Sadly, the rulers are but one small step ahead of the Layton leadership which demonstrated a lust for junior cabinet positions in a federal Liberal coalition government last winter. We could see a repeat of that episode, either as tragedy or farce, following the next federal election. A vote may occur as early as this Fall or next Spring, depending on when the Conservative minority government of Stephen Harper is defeated in the House of Commons.
While contentious resolutions were kept off the agenda, contention was not absent at the floor microphones, in media interviews, and even on the main stage. Former federal leader Ed Broadbent told the delegates “not to abandon the core values that have guided the party since the 1960s.” Alexa McDonough, who led the party in the 1990s, told the Globe and Mail “There needs to be change as the world changes around us. But what isn’t going to change is our basic values, and most of our policies simply build on those values.”
Although such views express an enduring commitment to the utopian concept of reforming capitalism into a humane alternative, they do conflict with the direction articulated by such party operatives as UBC professor Michael Byers, former Layton staffer Ian Capstick, and MPs Brian Masse (Windsor) and Paul Dewar (Ottawa) who would “professionalize” and “modernize” the party to such a degree that it would disappear as a force for independent working class political action.
Layton himself cultivated the bourgeois “modernizers.” But he retreated when he saw their message snubbed by affiliated unions, as well as by rank and file riding and youth delegates. (Hundreds of delegates wore a small orange button, distributed by the Steelworkers’ Union, bearing the letter “N,” to show opposition to dropping “New” from the name.) Still, there is a lesson here for those with illusions in the federal Leader.
At the November 2001 Winnipeg convention, the New Politics Initiative garnered nearly 40 per cent of the vote for a proposal to launch a new party. The NPI was dissolved by its founders, writer Judy Rebick, economist Jim Stanford, and former MP Svend Robinson, on the strength of their stated belief that Jack Layton would build a social movement–based party committed to an anti-globalization agenda. Now we can see what Layton did when left to his own devices, once left wing activists stopped organizing, and sidestepped the fight for socialist policies.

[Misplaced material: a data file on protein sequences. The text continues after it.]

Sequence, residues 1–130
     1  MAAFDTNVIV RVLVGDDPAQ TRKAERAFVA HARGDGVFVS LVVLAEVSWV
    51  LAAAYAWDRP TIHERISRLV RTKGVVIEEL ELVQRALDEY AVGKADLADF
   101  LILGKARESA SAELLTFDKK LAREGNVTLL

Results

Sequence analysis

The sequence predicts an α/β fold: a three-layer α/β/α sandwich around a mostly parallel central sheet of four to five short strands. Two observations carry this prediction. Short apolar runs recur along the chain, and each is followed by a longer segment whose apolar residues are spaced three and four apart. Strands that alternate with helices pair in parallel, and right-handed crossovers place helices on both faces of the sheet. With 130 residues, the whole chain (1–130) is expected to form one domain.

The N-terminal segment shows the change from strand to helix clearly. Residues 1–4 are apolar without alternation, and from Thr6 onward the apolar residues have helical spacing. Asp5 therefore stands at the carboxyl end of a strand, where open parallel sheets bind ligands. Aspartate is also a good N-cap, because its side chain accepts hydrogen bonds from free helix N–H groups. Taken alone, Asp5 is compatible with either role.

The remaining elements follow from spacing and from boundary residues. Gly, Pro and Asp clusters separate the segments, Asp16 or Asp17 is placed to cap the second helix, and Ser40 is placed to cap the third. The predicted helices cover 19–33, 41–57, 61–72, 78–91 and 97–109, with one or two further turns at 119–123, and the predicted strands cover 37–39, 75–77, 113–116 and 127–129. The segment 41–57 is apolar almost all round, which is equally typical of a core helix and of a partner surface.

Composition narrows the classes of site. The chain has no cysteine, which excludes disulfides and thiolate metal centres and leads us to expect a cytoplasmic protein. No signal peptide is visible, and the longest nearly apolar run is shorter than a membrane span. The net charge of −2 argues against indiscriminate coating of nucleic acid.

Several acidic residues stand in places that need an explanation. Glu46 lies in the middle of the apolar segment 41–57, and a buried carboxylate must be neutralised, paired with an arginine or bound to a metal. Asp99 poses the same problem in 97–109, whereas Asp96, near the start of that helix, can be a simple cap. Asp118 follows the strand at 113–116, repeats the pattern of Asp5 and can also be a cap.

The NDP Socialist Caucus, launched in 1998, implored the NPI to adopt a clear socialist program, and to place no confidence in the NDP tops. The Socialist Caucus continues to fight in that spirit today. It had a strong presence at the Halifax convention.
SC speakers at the microphones argued forcefully for socialist solutions to the economic and environmental crises, and for solidarity with struggles of the oppressed in Honduras, Sri Lanka, Palestine, Afghanistan, Iraq, Iran and beyond. Delegates repeatedly referred to the dozens of Socialist Caucus–initiated resolutions that came from NDP riding associations across the country. Even though the party establishment blocked these from floor debate (via an elaborate priority screening process imported from the Saskatchewan NDP), the ideas contained did raise awareness and attracted many delegates to the SC display table where quite a few joined the radicals.
The NDP Socialist Caucus grew markedly by signing up over eighty new members amongst the one thousand delegates. The Caucus recruited new SC federal steering committee members in Nova Scotia, Québec, Ontario (Sault Ste. Marie and Sarnia), Manitoba, Saskatchewan (Prince Albert) and B.C.
The SC candidate for federal treasurer, Thornhill NDP President John Orrett, received over 22 per cent of the votes cast, running against Rebbeca Blaikie, daughter of former Winnipeg MP Bill Blaikie. (Peggie Nash was elected party President with 92.4 per cent of the votes, easily fending off a challenge by disability rights advocate Kevin Kinsella who was not endorsed by the SC.)
Nearly a thousand copies of an attractive 12-page edition of the SC
publication Turn Left, edited by Oakville NDP activist Sean Cain, were snapped
up by delegates and observers. It is posted on the web site: www.ndpsocialists.